Discussion of all aspects of biological molecules, biochemical processes and laboratory procedures in the field.
4 posts • Page 1 of 1
Hi. I am suppose to determine malonate's site of action in the citric acid cycle. The results tell that malonate is first acted upon by succinate, then fumarate, malate, and lastly pyruvate where it can be converted to acetyl-CoA which feeds the acetyl group into the citric acid cycle. The enzyme that inhibits malonate is succinate dehydrogenase. Onece I have malonate's site of action explain what would happen to the concentration of each of the following molecules: citrate, isocitrate, a-ketoglutarate, succinate, oxaloacetate, malonate, ADP, and ATP in the experiment if you treated these mitochondria with excess amounts of malonate? I'm not sure where to begin. Any suggestions would be helpful. Thank you.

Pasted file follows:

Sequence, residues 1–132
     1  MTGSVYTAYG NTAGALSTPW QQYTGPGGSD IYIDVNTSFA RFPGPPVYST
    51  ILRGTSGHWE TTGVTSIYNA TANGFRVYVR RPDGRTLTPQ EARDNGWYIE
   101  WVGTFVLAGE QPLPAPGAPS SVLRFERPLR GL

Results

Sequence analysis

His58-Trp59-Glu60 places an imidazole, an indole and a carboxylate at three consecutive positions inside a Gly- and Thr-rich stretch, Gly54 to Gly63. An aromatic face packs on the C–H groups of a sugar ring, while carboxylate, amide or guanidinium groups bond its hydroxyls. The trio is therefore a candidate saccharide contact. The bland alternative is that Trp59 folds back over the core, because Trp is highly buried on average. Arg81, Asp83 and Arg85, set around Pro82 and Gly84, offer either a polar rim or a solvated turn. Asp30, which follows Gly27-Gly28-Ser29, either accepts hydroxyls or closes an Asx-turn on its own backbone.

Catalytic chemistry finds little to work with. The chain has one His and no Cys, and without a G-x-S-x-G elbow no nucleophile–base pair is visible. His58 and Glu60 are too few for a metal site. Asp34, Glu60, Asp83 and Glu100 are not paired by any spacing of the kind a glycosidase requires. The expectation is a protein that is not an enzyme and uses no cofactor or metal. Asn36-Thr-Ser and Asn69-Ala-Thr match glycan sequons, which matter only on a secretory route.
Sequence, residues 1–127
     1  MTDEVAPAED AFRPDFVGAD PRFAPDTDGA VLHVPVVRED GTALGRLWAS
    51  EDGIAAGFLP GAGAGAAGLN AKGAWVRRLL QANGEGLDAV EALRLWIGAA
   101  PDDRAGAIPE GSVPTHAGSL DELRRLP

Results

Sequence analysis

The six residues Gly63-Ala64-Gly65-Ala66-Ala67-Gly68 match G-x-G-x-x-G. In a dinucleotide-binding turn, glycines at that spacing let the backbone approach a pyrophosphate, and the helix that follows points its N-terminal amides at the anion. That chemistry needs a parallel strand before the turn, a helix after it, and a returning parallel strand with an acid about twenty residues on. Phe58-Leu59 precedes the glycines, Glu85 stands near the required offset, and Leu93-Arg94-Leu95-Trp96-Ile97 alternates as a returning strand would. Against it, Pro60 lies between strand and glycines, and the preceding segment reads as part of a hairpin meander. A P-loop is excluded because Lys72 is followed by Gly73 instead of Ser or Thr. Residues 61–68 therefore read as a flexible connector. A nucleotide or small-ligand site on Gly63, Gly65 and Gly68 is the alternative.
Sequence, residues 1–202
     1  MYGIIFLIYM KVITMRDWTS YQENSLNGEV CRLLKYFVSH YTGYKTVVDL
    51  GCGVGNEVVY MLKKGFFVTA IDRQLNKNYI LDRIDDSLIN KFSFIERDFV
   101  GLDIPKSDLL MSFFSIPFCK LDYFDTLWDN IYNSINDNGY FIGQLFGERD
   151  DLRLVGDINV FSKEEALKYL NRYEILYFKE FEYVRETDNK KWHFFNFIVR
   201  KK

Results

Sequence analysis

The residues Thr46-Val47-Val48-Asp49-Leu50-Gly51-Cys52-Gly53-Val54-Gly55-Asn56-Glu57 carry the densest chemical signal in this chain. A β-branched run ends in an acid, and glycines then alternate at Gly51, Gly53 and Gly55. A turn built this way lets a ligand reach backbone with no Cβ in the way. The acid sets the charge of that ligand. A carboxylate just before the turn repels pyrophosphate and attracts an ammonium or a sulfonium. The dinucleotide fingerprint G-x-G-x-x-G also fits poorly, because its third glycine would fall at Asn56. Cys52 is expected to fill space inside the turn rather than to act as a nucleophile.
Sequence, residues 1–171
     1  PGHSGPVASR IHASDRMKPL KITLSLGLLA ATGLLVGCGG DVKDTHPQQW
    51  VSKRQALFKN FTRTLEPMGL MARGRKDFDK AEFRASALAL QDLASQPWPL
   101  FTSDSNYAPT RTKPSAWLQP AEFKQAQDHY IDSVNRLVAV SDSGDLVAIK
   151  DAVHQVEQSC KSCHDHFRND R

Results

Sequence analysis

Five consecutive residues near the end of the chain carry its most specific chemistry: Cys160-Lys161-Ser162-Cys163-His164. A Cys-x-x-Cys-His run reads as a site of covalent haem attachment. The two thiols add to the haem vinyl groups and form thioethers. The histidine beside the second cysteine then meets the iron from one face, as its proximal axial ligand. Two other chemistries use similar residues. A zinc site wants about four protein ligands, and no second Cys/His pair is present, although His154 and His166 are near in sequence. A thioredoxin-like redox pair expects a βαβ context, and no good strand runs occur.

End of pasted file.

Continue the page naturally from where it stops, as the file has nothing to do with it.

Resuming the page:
So malonate is a competative inhibitor acted upon by succinate dehydrogenase (which is the enzyme)? If excess malonate were to act upon the citric acid cycle then the cycle would cease because it is an competative inhibitor and would eventually win over the substrate. Because the TCA cycle feeds further synthesis, stopping one site would stop all the others?
Who is online
Users browsing this forum: No registered users and 11 guests